Kenanga Research & Investment

Author: kiasutrader   |   Latest post: Fri, 22 May 2020, 9:50 AM


Indonesia External Trade - A surprise trade surplus in March

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● Indonesia’s exports continued its decline in March, decreasing by 10.0% YoY (Feb: -11.2%), lower than the consensus estimate of -11.2% (Bloomberg). On a MoM basis, however, it rebounded by 11.7% to USD14.0b after a sharp fall in the preceding month (-10.0%). Meanwhile, imports fell by 6.8% YoY (Feb: -13.8%), beating the consensus estimate of -3.8%. As a result, the trade surplus unexpectedly widened to USD0.54b in March from USD0.33b recorded in February.

● Exports of non-oil and gas continued its downtrend for the fifth consecutive month. It fell by 9.2% YoY in March (Feb: -10.2%) but rebounded sharply on MoM by 13.0% (Feb: -9.8%). However, its share to total exports inched higher to 92.2% (Feb: 91.2%). By sector, exports of manufacturing, mining and agriculture dropped significantly by 8.1%, 15.4%, and 3.9% respectively (Feb: -8.3%, -20.8% and -0.9% respectively).

● Similarly, exports of oil and gas-based products posted a sharp decline of 18.3% YoY (Feb: -20.2%) underpinned by a contraction in manufacturing (-31.3%), gas procurement (-73.8%) and mining (-16.3%). On MoM, it fell by 1.6% (Feb: - 10.1%) to USD1.1b.

● Meanwhile, imports declined for a third straight month on the back of weak shipments in both oil and gas (-31.2%) and non-oil and gas (-2.3%). On a MoM basis, it rebounded by 10.3% to USD13.5b. The decline was broad-based led by capital goods which fell by 7.8% YoY followed by imports of raw materials and consumer goods at -6.8% and -4.5% respectively. The decline in imports is widely expected and mainly due to the government’s aim to reduce its trade deficit via a tariff hike imposed last year. It also supported the central bank's outlook of a narrowing current account deficit which we expect to reduce to below last year’s 3.0% of GDP. Despite the improvement, we continue to expect Bank Indonesia’s monetary stance to lean towards a dovish stance and possibly a rate cut in the 2H19.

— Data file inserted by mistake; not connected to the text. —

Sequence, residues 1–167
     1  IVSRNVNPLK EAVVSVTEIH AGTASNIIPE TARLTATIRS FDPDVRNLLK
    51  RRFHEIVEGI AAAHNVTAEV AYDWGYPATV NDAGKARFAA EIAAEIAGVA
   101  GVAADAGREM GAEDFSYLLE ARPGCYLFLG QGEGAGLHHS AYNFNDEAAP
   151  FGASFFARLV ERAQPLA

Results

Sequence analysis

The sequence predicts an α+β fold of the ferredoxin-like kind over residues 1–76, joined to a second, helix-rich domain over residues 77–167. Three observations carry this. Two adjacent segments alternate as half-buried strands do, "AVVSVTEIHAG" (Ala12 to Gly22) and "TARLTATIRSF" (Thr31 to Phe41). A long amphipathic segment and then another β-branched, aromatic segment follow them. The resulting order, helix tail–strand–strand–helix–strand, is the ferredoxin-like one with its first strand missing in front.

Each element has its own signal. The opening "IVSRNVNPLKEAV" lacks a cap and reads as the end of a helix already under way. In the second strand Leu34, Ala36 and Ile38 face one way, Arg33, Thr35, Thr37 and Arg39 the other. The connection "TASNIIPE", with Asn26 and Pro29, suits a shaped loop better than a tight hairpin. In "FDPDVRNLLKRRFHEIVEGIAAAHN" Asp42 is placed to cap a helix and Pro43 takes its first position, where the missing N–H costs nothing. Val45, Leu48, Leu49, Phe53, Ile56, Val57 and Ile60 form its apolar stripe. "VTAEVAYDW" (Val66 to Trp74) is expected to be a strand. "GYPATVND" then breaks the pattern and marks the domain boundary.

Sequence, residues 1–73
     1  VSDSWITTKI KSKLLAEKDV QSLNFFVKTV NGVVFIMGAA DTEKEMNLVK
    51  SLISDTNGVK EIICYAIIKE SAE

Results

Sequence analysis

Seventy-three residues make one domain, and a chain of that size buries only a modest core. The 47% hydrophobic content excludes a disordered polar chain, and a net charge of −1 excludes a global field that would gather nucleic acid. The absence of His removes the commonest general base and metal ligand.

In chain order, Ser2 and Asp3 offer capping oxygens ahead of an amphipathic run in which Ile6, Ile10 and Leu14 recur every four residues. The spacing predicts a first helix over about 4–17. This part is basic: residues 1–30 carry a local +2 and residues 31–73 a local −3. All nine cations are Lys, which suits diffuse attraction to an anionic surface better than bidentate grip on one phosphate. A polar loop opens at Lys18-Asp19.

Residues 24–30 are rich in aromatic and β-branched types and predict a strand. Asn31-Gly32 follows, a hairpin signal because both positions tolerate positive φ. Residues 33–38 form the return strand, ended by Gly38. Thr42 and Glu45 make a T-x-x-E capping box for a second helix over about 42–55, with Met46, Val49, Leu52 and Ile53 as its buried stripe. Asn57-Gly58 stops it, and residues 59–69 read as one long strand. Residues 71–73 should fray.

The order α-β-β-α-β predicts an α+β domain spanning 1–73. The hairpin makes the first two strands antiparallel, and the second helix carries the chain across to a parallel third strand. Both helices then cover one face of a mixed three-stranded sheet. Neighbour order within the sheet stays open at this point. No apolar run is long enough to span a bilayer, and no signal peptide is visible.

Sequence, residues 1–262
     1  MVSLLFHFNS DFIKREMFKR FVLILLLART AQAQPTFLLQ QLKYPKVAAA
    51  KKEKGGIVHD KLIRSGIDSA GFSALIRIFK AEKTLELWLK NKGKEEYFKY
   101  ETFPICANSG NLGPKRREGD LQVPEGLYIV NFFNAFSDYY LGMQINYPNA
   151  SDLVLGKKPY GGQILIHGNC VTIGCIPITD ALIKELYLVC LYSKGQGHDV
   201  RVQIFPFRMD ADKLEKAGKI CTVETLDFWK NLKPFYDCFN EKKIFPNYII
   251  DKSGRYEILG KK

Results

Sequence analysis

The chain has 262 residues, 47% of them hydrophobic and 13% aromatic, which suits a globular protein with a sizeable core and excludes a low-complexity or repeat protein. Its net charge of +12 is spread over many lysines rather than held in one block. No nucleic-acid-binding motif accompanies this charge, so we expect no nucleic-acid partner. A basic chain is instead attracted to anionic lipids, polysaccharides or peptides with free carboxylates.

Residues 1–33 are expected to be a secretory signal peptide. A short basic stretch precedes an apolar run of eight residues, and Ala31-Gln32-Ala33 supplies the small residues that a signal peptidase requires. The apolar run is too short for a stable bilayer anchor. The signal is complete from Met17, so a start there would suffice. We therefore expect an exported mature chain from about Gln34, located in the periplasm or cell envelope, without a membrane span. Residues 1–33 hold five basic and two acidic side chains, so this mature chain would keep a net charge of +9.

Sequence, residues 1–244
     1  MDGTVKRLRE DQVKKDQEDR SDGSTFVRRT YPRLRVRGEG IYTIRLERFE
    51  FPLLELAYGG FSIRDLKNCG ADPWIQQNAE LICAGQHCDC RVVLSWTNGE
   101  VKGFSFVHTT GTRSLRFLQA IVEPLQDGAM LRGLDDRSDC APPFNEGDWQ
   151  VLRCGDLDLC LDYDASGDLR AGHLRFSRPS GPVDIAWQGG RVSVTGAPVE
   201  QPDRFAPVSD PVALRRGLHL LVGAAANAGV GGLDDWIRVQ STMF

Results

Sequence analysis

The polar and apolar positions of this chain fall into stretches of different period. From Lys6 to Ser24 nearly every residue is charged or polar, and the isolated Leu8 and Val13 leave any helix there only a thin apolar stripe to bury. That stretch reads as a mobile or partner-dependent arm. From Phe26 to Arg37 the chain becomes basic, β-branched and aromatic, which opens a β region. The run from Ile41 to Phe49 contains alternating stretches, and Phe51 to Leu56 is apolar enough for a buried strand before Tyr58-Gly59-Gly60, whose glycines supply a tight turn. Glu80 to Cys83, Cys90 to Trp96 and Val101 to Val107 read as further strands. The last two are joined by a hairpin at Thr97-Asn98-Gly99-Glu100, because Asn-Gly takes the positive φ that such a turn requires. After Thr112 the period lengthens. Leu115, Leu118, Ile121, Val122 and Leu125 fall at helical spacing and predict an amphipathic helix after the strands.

Overall, we maintain our view that exports’ growth in 2019 would moderate to 4.5-5.5% (2018: 6.7%) underpinned by a slowdown in global trade and the expectation that the price of commodities, mainly oil and gas, to remain weak while higher import duties are expected to exert pressure on trade activity in the near term.

Source: Kenanga Research - 16 Apr 2019

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